This is the letter we have sent to the CEOs of the 850 organisations that are members of the Stonewall Diversity Champions Scheme.
Re: Leaving the Stonewall Diversity Champions Scheme
We are writing to call on you to withdraw from the scheme, both for the sake of your own reputation and as a necessary step to protecting the rights of all your employees, in particular in relation to discrimination on the basis of sex, sexual orientation and religion or belief, as established by the Equality Act 2010.
You may have seen the flurry of terrible headlines about Stonewall in recent days. On May 18th an independent report into no-platforming at the University of Essex by Akua Reindorf, a highly respected barrister, showed how the charity’s advice to its Diversity Champions contradicts UK equality law. Following this advice puts an employer at risk of committing unlawful discrimination and condoning workplace bullying. Influenced by Stonewall’s elastic definition of “transphobia”—to include, among other things, defending the current wording of the Equality Act, and women’s legal rights to single-sex spaces and sports—Essex University had breached two visiting professors’ freedom of expression. It had also failed to investigate threats of violence against one of them and a tweet by a staff member comparing the views of the other—a Jewish human-rights professor—to Holocaust denial. Reindorf recommended that the university consider breaking from Stonewall “in light of the drawbacks and potential illegalities” that had arisen from the relationship.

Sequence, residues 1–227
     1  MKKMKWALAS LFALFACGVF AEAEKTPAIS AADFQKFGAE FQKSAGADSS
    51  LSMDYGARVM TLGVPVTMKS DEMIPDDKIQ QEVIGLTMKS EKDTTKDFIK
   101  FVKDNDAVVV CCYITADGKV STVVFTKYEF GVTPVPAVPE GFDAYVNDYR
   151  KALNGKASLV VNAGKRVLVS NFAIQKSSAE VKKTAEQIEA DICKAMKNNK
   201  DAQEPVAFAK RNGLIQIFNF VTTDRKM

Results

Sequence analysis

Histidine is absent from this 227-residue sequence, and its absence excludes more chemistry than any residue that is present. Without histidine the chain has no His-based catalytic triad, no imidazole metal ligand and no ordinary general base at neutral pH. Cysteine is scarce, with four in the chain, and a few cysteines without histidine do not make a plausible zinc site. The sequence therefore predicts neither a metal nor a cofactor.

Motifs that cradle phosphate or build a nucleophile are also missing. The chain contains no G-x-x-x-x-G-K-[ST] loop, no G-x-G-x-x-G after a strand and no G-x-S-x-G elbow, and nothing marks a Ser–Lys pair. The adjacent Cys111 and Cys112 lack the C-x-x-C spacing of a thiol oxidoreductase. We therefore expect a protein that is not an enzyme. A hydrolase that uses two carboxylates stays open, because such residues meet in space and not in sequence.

On May 24th news broke that the Equality and Human Rights Commission, the government body that oversees compliance with equality law, had left the Stonewall Diversity Champion Scheme in March. A few days later it emerged that the employment arbitration service, ACAS, which also has a statutory remit to uphold equality law, had also left the scheme. Both cited cost and value for money as the reasons; but given the increasing awareness of the clash between “Stonewall law” and the Equality Act, many wonder if this is a figleaf.
And now Stonewall’s chief executive, Nancy Kelley, has publicly compared those who disagree with the charity’s approach to anti-Semites. In an interview published on the BBC website on May 29th, she said that “gender-critical” views—the belief that sex is binary and immutable—were so dangerous and bigoted that they should be silenced. Challenged by the interviewer, she insisted that “the analogy is apt”.
Stonewall, a once-admirable organisation that fought for tolerance and against bigotry, has lost its way. It misrepresents British law, and encourages the bullying of female employees and anyone who disagrees with its agenda of replacing sex with self-identified gender in all situations: from prisons to rugby; and from healthcare records to the census. For many employees, the workplaces created by the Diversity Champions Scheme are not tolerant, but toxic.
On June 15th, this year’s Workplace Equality Index scheme will open, closing on October 5th. Your organisation will be invited to submit its policies for Stonewall’s approval and to ask staff to complete Stonewall’s Survey. Your HR and diversity staff will come under pressure from Stonewall’s sales team for the organisation to participate. If they are to stand up against this browbeating, they will need you to show leadership. It’s time to leave Stonewall. Pledging allegiance to Stonewall no longer signals an employer’s commitment to equality and diversity; rather, it is a serious reputational and legal risk.
We call on you to leave the Diversity Champions Scheme, thus reaffirming your commitment to creating a workplace where all your employees are respected and valued.